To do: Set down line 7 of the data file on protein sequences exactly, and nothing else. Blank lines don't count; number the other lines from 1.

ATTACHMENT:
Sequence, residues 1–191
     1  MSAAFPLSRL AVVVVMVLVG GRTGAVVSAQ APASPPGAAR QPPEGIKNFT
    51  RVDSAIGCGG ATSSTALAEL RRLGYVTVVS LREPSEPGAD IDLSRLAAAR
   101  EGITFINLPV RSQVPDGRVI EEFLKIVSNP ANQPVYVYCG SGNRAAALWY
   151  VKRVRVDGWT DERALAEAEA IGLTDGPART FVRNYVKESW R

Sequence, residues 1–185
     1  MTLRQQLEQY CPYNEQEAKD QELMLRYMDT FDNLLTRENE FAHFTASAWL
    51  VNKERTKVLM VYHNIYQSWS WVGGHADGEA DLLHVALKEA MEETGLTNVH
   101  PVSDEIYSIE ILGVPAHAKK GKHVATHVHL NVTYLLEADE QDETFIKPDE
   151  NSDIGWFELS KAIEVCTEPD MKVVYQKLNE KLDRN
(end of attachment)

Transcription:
     1  MTLRQQLEQY CPYNEQEAKD QELMLRYMDT FDNLLTRENE FAHFTASAWL